Almost everyone would agree that if a doctor thought an infant should be euthanized while the parents wanted to give it a chance, the final decision should rest with the parents. The possibility of a child being killed against his parents’ will is the most viscerally repulsive aspect of the Groningen Protocol. It smacks of Nazi Germany, eugenic extremism, and every shade of utopias-gone-wrong. Certainly a parent’s wish to let his child live should be respected at all costs. But is it truly less evil if it is the parents’ choice to terminate their offspring’s life? As far as the infant is concerned, the outcome is the same. Are the parents’ or the child’s rights truly more at stake under the Groningen Protocol? If the answer is the former, then it follows that parents should have the ultimate authority over their child’s life. On the contrary, however, infanticide of healthy children is roundly, and rightly, condemned. Therefore, it appears that even a newborn has a right to life independent of the emotional attachment of his parents. At what point then, is an infant so disabled that its parents have the right to step in and end its existence? Since the child is not capable of deciding for itself whether it wishes to continue living, shouldn’t it be given the benefit of the doubt, at least as a person in Engelhardt’s “social sense”? A parent’s love and empathy for his child could lead him to a decision that would alleviate his own suffering rather than promote the best interest of the infant.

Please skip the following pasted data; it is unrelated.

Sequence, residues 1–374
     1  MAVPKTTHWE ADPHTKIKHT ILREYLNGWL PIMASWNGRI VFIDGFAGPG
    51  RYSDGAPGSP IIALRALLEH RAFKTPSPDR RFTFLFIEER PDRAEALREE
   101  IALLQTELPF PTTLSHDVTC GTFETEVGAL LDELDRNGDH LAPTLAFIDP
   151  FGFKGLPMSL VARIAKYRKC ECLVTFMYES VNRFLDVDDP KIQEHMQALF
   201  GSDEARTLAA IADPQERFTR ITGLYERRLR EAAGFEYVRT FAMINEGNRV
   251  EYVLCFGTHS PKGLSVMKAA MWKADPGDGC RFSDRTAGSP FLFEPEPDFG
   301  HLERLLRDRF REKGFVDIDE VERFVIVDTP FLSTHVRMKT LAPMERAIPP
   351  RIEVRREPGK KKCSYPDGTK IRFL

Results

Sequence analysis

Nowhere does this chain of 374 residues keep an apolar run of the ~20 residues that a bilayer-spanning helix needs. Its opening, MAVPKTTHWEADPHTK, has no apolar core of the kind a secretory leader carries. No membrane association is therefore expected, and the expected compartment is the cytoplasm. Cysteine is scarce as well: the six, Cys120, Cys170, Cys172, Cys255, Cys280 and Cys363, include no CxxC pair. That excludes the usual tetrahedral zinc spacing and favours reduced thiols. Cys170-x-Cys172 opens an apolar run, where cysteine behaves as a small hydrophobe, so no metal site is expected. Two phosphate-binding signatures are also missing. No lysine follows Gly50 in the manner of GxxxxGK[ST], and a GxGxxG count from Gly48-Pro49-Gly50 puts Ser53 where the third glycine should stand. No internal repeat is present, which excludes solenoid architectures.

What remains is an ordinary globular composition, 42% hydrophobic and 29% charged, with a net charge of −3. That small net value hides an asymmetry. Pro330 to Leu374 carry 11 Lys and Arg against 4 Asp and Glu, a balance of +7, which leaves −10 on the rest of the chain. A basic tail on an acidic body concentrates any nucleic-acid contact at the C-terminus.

This is where the issue of the inherent value of life arises. No one, not even the parents, can be sure of a newborn’s state of being. Perhaps in some primitive way, even the short amount of time they spend on earth is full of meaning and importance to them. Maybe their brief lives are holy to God. Or it could be that the world is a tormenting ordeal that they are glad to be rid of in the end. At any rate, until we know the answer to this question, we have no right to end the life of another human being. Modern medicine allows us to control suffering with painkillers, and in some cases it may be appropriate to deny a patient some potentially life-saving treatment if it seems too extreme for the bounds of human dignity. But causing death should never be the object of any medical procedure. All lives ought to be considered as valuable in and of themselves.
As horrifying as the Groningen Protocol is, we must recognize it as a natural consequence of our attitude toward life. From the institution of capital punishment at almost the dawn of civilization to the comparatively recent social acceptability of abortion, society has come to see human lives as dispensable when they do not appear to contribute anything good to the world. Until we recognize our mistake, policies like Groningen’s will have no trouble finding a moral foothold anywhere in our world.